Effects of hydrogen peroxide on isolated trachealis muscle of horses

Michal A. Olszewski From the Pulmonary Laboratory, College of Veterinary Medicine, Michigan State University, East Lansing, MI 48824.

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N. Edward Robinson From the Pulmonary Laboratory, College of Veterinary Medicine, Michigan State University, East Lansing, MI 48824.

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Ming-Fu Yu From the Pulmonary Laboratory, College of Veterinary Medicine, Michigan State University, East Lansing, MI 48824.

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Frederik J. Derksen From the Pulmonary Laboratory, College of Veterinary Medicine, Michigan State University, East Lansing, MI 48824.

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SUMMARY

During acute bouts of recurrent airway obstruction (heaves) in horses, neutrophils that are capable of increased production of reactive oxygen species accumulate in the airways. In the study reported here, the effect of hydrogen peroxide (H2O2; 1 µM to 0.1M), one of these reactive oxygen species products, on the responses of isolated trachealis muscle of horses was determined. Before and after incubation with H2O2, contractile responses to acetylcholine, electrical field stimulation (efs), 127 mM KCl, and relaxation responses to isoproterenol and activation of the nonadrenergic noncholinergic inhibitory response (iNANC) were evaluated. Beginning at 1 mM, H2O2 contracted trachealis muscle in a concentration-dependent manner. This contraction was unaffected by atropine (1 µM), tetrodotoxin (1 µM), or 1 µM meclofenamate. Contraction of trachealis muscle in response to H2O2 is, therefore, not attributable to release of prostaglandins, acetylcholine, or other neurotransmitters. Above a concentration of 0.1 mM, H2O2 depressed the responses to efs, acetylcholine, and KCl in a concentration-dependent manner. At 0.1M, H2O2 decreased the maximal responses to efs, acetylcholine, and KCl by 62.7 ± 7.2, 60.58 ± 6.12, and 37.8 ± 9.54%, respectively. In the presence of meclofenamate (1 µM), partial but significant protection against 1 to 100 mM H2O2 was observed. In tracheal strips contracted with 0.3 µM methacholine, H2O2 had no effect on the isoproterenol concentration-response curve. Up to a concentration of 100 mM, H2O2 had no effect on iNANC response. However, in the presence of 100 mM H2O2, this response was abolished in 2 of 4 horses. We conclude that high concentrations of H2O2 affected the responses of airway smooth muscle by actions on neurotransmission, muscarinic receptors, and downstream from receptors; some of the H2O2 effects were in part mediated by cyclooxygenase products; and H2O2 had no effect on β-adrenergic or iNANC-induced relaxation.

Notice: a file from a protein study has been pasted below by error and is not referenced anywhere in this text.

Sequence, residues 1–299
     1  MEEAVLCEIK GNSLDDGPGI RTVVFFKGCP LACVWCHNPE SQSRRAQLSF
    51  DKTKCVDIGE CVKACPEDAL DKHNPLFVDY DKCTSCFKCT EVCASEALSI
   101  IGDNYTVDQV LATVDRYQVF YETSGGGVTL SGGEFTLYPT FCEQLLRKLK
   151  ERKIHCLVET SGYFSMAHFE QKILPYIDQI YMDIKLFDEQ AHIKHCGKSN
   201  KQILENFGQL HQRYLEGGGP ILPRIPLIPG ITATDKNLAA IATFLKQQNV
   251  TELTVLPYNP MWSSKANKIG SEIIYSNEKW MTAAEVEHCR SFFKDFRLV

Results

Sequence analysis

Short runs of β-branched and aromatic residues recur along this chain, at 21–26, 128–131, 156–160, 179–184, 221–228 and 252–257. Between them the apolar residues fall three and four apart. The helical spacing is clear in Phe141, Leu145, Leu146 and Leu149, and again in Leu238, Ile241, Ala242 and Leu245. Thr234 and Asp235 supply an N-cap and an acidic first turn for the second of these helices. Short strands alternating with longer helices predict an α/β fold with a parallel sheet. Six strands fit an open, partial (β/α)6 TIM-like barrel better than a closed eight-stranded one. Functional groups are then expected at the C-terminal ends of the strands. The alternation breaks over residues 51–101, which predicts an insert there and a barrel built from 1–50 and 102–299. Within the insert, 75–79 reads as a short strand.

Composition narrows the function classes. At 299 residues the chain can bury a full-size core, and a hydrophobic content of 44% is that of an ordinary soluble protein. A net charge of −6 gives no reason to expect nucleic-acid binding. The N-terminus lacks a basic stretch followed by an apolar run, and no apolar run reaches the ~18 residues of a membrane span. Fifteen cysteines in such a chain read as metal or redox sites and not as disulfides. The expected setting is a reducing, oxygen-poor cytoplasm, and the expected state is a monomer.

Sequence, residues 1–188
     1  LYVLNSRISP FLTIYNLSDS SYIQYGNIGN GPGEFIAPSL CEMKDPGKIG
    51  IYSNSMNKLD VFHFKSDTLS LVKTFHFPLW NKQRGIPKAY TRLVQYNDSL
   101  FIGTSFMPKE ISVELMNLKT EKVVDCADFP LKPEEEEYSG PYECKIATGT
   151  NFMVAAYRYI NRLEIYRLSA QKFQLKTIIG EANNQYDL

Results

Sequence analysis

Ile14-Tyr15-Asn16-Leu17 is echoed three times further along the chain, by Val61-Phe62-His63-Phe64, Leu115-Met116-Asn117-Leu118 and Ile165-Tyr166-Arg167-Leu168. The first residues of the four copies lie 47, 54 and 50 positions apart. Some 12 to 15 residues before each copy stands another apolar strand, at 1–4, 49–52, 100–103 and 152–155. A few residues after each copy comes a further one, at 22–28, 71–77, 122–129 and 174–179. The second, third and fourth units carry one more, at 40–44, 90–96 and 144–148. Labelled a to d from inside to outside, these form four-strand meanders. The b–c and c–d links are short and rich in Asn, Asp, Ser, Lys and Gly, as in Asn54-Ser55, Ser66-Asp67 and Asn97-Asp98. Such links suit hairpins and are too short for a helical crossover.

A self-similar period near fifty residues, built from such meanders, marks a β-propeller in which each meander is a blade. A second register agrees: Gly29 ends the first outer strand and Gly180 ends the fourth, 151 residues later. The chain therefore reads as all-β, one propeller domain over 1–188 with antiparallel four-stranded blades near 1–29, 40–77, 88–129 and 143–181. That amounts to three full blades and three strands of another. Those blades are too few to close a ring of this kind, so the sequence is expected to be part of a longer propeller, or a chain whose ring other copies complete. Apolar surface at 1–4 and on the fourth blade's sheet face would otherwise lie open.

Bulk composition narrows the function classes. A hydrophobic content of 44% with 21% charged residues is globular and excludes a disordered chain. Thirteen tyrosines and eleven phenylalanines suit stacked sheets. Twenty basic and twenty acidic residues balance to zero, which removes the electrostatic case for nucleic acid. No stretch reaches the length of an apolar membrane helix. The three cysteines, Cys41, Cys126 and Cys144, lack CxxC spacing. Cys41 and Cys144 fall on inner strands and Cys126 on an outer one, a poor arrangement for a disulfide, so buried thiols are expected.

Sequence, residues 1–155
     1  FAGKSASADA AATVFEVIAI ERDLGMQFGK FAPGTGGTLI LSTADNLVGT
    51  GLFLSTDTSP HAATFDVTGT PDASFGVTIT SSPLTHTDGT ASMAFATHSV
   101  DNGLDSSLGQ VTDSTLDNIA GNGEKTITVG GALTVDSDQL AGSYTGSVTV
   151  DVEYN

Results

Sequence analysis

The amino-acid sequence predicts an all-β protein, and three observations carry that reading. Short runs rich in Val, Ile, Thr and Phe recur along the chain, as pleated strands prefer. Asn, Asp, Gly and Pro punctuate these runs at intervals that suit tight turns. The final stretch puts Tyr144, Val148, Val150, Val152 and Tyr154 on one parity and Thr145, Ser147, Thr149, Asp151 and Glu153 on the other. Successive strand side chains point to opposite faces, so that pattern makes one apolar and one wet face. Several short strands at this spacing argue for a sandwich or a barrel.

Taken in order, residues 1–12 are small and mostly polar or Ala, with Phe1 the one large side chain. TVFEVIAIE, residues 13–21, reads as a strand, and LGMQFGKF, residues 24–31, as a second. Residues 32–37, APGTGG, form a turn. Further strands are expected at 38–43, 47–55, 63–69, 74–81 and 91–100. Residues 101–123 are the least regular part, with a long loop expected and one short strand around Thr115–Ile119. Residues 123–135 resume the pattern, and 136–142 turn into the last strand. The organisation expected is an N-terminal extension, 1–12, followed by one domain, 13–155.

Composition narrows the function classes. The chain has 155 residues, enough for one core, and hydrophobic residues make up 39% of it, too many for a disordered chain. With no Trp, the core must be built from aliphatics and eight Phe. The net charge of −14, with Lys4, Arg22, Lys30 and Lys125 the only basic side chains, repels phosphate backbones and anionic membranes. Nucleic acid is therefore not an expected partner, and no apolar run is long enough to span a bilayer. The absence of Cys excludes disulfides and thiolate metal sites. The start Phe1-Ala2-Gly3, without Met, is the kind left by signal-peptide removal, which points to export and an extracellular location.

SUMMARY

During acute bouts of recurrent airway obstruction (heaves) in horses, neutrophils that are capable of increased production of reactive oxygen species accumulate in the airways. In the study reported here, the effect of hydrogen peroxide (H2O2; 1 µM to 0.1M), one of these reactive oxygen species products, on the responses of isolated trachealis muscle of horses was determined. Before and after incubation with H2O2, contractile responses to acetylcholine, electrical field stimulation (efs), 127 mM KCl, and relaxation responses to isoproterenol and activation of the nonadrenergic noncholinergic inhibitory response (iNANC) were evaluated. Beginning at 1 mM, H2O2 contracted trachealis muscle in a concentration-dependent manner. This contraction was unaffected by atropine (1 µM), tetrodotoxin (1 µM), or 1 µM meclofenamate. Contraction of trachealis muscle in response to H2O2 is, therefore, not attributable to release of prostaglandins, acetylcholine, or other neurotransmitters. Above a concentration of 0.1 mM, H2O2 depressed the responses to efs, acetylcholine, and KCl in a concentration-dependent manner. At 0.1M, H2O2 decreased the maximal responses to efs, acetylcholine, and KCl by 62.7 ± 7.2, 60.58 ± 6.12, and 37.8 ± 9.54%, respectively. In the presence of meclofenamate (1 µM), partial but significant protection against 1 to 100 mM H2O2 was observed. In tracheal strips contracted with 0.3 µM methacholine, H2O2 had no effect on the isoproterenol concentration-response curve. Up to a concentration of 100 mM, H2O2 had no effect on iNANC response. However, in the presence of 100 mM H2O2, this response was abolished in 2 of 4 horses. We conclude that high concentrations of H2O2 affected the responses of airway smooth muscle by actions on neurotransmission, muscarinic receptors, and downstream from receptors; some of the H2O2 effects were in part mediated by cyclooxygenase products; and H2O2 had no effect on β-adrenergic or iNANC-induced relaxation.

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